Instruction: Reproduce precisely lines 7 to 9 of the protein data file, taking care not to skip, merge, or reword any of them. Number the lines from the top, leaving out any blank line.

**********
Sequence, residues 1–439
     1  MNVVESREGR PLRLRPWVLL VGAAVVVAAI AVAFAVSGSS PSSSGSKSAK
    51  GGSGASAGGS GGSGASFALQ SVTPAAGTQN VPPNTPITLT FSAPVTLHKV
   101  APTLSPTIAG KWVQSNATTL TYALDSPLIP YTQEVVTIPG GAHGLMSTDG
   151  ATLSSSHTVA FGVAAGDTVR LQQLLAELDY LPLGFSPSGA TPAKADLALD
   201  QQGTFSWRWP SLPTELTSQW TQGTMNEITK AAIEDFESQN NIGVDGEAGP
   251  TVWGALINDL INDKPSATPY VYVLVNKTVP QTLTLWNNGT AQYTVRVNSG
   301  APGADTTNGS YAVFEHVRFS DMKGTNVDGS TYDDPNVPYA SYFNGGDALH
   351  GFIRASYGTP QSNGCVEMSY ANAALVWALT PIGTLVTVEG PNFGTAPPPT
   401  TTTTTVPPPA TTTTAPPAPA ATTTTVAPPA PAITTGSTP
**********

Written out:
   251  TVWGALINDL INDKPSATPY VYVLVNKTVP QTLTLWNNGT AQYTVRVNSG
   301  APGADTTNGS YAVFEHVRFS DMKGTNVDGS TYDDPNVPYA SYFNGGDALH
   351  GFIRASYGTP QSNGCVEMSY ANAALVWALT PIGTLVTVEG PNFGTAPPPT